Acute phase proteins are major clients for the chaperone action of α2-macroglobulin in human plasma
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Extracellular protein misfolding is implicated in many age-related diseases including Alzheimer's disease, macular degeneration and arthritis. In this study, putative endogenous clients for the chaperone activity of α2-macroglobulin (α2M) were identified after human plasma was subjected to physiologically relevant sheer stress at 37 °C for 10 days. Western blot analysis showed that four major acute phase proteins: ceruloplasmin, fibrinogen, α1-acid glycoprotein and complement component 3, preferentially co-purified with α2M after plasma was stressed. Furthermore, the formation of complexes between α2M and these putative chaperone clients, detected by sandwich ELISA, was shown to be enhanced in response to stress. These results support the hypothesis that α2M plays an important role in extracellular proteostasis by sequestering misfolded proteins and targeting them for disposal, particularly during acute phase reactions.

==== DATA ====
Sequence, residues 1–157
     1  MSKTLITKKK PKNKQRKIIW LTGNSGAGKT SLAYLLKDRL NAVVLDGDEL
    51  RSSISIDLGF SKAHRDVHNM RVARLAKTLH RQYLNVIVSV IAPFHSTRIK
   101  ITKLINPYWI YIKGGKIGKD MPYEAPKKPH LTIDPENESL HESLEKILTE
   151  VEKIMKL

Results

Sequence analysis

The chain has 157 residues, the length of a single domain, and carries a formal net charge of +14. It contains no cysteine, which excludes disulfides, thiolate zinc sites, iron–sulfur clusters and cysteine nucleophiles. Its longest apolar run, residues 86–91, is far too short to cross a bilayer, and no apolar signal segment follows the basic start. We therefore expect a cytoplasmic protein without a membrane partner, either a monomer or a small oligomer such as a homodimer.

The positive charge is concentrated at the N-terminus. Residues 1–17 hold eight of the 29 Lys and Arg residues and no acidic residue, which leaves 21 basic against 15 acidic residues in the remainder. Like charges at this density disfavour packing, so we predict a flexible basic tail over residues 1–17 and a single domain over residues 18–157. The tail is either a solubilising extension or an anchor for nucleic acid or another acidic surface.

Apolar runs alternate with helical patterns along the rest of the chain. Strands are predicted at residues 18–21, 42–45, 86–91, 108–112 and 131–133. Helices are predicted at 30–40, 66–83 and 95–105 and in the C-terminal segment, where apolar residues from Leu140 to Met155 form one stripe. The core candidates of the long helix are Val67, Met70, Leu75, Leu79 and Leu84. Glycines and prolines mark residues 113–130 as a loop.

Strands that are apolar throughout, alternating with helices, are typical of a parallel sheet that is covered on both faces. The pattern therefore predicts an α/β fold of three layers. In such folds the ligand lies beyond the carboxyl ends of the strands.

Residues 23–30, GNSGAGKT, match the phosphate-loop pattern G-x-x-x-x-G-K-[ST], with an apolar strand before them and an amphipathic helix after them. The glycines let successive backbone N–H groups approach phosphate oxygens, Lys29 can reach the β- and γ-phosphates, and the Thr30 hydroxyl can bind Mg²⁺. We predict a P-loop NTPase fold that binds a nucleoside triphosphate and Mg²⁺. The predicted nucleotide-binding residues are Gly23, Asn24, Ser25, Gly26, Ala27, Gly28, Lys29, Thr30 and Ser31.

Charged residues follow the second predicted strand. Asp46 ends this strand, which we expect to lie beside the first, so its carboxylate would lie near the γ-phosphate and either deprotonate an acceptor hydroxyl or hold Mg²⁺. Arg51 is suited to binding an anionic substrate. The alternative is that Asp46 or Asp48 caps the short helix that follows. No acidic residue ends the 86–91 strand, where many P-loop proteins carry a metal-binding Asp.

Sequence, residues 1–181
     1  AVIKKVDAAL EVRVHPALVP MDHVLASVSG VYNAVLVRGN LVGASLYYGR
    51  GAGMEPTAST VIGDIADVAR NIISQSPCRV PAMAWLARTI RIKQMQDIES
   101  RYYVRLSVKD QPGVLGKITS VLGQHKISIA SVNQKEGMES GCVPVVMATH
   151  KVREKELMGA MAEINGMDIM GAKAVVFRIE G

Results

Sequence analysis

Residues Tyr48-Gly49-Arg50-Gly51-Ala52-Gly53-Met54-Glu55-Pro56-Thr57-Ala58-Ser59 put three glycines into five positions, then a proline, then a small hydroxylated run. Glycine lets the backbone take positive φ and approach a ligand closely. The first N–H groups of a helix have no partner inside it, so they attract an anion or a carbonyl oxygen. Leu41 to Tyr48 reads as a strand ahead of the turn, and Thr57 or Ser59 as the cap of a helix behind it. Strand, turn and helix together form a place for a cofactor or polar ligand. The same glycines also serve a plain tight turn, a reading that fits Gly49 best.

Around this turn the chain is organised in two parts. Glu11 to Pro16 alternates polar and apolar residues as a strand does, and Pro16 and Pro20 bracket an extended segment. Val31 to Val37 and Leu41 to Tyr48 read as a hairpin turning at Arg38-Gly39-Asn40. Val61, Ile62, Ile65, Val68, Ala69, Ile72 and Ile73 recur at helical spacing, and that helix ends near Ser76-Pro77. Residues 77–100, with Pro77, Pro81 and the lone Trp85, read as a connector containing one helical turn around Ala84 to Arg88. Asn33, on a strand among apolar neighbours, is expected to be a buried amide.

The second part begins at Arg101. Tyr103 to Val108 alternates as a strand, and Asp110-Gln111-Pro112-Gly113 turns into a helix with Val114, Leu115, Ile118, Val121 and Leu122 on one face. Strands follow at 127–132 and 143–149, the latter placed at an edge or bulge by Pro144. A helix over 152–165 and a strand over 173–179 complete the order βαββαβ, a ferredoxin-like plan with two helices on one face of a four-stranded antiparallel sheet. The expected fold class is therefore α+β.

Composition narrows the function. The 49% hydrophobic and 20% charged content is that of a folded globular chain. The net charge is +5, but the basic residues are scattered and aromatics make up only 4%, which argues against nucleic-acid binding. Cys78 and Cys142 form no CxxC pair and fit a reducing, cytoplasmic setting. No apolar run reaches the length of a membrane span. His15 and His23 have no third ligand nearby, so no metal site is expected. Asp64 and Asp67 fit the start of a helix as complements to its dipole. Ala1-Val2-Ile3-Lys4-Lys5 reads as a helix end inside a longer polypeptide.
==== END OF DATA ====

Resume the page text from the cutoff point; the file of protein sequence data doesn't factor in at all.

Keywordsα2-Macroglobulin Chaperone Protein misfolding Acute phase proteins
AR Wyatt is grateful for a CJ Martin Fellowship from the National Health and Medical Research Council (NHMRC), Australia and a Junior Research Fellowship, Wolfson College, Cambridge UK. MR Wilson acknowledges financial support for this work from the Centre for Medical Bioscience (University of Wollongong). Blood plasma used in this study was kindly donated by healthy consenting volunteers under the approval of the University of Wollongong and Illawarra Shoalhaven Local Health District Health Medical Human Ethics Committee (HE02/080).
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